Leading edge

Cross section of an aerodynamic surface with the leading edge emphasised
The leading edge of the Buran space shuttle transported to the Technik Museum Speyer

Airfoil surface such as a wing is its foremost edge and is therefore the part which first meets the oncoming air.

- Leading edge

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Leading-edge slat

Slats are aerodynamic surfaces on wing leading edge of the of fixed-wing aircraft which, when deployed, allow the wing to operate at a higher angle of attack.

The position of the leading-edge slats on an airliner (Airbus A310-300). In this picture, the slats are drooped. Note also the extended trailing-edge flaps.
Slats on the leading edge of an Airbus A318 of Air France
Automatic slats of a Messerschmitt Bf 109
The wing of a landing Airbus A319-100. The slats at the leading edge and the flaps at the trailing edge are extended.
The Fieseler Fi 156 Storch had permanently extended slots on its leading edges (fixed slats).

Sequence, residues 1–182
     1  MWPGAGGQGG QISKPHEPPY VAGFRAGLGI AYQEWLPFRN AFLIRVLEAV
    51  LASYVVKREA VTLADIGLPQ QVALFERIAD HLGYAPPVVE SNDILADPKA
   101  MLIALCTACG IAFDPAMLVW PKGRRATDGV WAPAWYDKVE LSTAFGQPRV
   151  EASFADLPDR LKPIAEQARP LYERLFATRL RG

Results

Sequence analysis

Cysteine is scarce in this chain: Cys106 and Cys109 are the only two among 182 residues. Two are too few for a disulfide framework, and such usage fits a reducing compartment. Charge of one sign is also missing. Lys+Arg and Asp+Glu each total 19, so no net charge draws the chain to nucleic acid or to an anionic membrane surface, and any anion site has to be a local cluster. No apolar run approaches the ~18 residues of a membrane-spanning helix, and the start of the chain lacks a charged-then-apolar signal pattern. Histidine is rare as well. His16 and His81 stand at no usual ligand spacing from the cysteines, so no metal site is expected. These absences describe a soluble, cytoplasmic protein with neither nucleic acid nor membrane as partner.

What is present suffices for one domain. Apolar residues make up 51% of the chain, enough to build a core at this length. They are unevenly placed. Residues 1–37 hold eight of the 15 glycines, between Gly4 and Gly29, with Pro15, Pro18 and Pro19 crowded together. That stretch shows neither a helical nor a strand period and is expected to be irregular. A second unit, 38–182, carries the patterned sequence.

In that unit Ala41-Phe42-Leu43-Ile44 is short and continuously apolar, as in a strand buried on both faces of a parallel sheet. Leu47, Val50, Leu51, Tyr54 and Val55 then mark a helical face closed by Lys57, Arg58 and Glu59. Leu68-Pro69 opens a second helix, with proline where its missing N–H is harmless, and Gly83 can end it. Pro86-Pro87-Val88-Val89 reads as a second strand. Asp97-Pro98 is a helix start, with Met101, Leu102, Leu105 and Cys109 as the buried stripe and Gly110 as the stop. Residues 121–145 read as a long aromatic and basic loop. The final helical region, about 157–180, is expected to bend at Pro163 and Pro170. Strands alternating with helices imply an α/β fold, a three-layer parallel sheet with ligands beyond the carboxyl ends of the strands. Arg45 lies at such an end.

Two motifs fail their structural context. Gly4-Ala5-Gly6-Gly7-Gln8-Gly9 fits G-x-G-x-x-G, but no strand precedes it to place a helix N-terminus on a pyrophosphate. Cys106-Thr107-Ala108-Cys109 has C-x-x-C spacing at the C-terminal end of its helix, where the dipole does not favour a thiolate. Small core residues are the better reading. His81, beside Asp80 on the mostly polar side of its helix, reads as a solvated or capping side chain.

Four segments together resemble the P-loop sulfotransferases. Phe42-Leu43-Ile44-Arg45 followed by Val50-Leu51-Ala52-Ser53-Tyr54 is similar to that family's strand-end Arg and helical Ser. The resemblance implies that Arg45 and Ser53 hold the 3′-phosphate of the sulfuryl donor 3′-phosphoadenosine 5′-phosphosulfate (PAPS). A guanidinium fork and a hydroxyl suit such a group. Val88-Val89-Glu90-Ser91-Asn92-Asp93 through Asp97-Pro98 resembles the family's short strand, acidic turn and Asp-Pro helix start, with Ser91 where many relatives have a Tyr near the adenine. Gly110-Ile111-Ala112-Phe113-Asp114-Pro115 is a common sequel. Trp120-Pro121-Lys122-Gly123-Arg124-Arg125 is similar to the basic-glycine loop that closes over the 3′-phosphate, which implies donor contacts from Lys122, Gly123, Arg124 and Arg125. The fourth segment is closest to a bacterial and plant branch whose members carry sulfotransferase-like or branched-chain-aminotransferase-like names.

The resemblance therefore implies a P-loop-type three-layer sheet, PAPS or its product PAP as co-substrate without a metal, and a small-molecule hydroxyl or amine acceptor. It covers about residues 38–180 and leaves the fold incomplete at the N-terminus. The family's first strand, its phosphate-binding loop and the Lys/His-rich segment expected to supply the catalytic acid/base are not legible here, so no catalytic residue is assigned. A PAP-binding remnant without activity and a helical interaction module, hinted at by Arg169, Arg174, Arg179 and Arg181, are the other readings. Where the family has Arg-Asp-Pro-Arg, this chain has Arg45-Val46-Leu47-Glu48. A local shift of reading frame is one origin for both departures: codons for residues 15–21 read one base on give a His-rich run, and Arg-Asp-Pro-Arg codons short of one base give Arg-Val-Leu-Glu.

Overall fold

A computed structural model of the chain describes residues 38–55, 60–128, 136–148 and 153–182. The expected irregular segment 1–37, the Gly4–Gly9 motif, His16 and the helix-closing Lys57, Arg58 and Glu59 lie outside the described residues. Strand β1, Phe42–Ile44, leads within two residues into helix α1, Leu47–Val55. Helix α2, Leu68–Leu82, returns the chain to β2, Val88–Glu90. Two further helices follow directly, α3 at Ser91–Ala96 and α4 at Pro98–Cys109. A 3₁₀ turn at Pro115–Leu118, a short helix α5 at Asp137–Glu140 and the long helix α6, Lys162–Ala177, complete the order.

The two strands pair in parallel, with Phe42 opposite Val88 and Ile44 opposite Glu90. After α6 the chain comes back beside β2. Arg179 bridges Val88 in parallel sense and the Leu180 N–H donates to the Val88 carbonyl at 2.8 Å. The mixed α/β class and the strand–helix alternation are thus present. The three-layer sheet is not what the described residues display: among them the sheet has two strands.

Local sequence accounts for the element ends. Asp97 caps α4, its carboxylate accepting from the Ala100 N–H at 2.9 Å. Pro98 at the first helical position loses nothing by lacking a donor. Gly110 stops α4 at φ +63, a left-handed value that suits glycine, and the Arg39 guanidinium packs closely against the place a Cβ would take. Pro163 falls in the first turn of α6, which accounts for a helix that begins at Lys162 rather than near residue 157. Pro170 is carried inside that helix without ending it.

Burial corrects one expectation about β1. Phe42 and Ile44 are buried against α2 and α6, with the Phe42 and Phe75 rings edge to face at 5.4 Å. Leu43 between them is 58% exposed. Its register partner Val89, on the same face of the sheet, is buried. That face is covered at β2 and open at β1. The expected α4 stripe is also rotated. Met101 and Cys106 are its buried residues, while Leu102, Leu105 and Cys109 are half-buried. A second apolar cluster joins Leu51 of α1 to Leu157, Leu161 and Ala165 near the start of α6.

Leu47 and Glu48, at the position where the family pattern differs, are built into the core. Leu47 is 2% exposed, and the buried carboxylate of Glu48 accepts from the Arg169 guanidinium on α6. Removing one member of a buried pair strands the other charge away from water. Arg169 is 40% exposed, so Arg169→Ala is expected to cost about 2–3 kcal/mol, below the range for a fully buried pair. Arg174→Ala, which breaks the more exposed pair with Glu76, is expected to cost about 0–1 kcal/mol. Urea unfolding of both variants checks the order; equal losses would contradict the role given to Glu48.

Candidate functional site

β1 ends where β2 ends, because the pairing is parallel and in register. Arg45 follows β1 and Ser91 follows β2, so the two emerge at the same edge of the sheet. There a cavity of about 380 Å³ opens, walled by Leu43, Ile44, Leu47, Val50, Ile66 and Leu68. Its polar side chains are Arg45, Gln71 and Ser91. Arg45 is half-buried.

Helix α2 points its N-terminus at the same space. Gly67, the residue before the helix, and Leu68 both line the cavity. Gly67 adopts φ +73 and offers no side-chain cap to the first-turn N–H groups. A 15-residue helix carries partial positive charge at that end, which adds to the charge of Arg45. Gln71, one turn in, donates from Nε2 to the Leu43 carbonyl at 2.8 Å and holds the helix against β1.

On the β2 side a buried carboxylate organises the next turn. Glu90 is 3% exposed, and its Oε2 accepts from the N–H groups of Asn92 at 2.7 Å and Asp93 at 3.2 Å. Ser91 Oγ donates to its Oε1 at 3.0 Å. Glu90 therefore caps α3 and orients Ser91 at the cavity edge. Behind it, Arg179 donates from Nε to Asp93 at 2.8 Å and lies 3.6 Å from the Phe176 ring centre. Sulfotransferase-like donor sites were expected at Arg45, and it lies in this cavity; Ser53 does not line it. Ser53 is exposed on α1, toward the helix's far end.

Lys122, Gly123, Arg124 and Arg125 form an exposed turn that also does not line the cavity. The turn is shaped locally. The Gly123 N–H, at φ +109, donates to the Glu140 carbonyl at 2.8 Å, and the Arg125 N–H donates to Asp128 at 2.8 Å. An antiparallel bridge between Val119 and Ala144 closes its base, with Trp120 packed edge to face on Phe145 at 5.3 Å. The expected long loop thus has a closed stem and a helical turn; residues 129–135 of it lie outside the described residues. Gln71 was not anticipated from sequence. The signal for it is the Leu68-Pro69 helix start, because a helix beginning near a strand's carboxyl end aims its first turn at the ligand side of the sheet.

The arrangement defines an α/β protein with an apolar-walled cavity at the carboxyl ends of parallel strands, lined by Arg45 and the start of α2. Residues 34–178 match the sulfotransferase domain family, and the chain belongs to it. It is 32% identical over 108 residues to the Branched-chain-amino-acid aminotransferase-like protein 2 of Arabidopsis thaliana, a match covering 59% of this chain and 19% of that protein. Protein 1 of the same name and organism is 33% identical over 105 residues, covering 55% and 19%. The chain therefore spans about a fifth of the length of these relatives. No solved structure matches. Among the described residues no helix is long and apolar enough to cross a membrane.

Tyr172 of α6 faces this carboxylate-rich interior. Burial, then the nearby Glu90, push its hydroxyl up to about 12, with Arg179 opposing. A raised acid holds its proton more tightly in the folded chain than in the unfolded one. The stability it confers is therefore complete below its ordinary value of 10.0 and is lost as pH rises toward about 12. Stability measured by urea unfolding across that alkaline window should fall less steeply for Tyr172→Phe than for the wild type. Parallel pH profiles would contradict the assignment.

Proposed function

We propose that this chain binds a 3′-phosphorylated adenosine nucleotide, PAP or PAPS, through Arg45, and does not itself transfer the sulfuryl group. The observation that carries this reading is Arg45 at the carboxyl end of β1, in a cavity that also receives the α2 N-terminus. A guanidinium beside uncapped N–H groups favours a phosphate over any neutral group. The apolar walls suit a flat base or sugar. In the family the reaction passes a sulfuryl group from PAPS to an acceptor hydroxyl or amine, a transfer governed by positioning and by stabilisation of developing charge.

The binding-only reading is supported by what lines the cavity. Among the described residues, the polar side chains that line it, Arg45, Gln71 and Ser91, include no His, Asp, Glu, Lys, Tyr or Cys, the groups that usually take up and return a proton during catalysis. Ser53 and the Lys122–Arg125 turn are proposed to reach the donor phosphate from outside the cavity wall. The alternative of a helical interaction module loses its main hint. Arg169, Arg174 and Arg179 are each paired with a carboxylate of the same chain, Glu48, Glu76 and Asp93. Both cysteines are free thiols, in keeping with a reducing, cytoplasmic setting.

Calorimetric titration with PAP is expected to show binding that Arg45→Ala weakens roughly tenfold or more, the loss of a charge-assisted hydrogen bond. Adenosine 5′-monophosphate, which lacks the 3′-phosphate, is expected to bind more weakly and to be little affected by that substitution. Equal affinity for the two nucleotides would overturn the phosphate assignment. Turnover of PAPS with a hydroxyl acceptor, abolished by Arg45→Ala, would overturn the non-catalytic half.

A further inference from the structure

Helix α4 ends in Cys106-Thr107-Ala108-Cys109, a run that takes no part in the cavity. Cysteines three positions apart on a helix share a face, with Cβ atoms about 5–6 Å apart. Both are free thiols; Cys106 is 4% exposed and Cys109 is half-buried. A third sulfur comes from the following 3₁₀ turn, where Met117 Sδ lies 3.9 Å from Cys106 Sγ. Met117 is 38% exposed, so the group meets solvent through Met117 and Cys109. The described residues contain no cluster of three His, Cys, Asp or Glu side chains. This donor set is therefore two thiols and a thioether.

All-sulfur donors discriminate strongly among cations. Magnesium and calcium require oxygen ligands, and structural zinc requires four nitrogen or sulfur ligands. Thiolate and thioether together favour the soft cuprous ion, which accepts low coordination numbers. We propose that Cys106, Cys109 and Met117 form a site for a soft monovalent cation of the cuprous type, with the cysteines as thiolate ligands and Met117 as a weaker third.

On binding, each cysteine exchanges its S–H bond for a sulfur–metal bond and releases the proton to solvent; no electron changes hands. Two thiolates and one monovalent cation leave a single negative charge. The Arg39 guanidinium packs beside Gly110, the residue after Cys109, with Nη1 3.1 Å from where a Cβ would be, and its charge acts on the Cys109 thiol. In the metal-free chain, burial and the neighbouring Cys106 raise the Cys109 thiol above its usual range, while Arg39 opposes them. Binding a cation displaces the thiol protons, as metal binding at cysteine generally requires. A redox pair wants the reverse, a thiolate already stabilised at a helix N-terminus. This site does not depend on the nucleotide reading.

A319 slats during and after landing

Fresh boundary layer effect: Each new element starts out with a fresh boundary layer at its leading edge. Thin boundary layers can withstand stronger adverse gradients than thick ones.

Chord (aeronautics)

Airfoil nomenclature showing chord line
Chord line of a turbine airfoil section.
Chords on a swept-wing

In aeronautics, the chord is an imaginary straight line joining the leading edge and trailing edge of an aerofoil.


Type of fin that produces lift while moving through air or some other fluid.

A swept wing KC-10 Extender (top) refuels a trapezoidal-wing F-22 Raptor.
A white stork flying by flapping its wings.
Condensation in the low pressure region over the wing of an Airbus A340, passing through humid air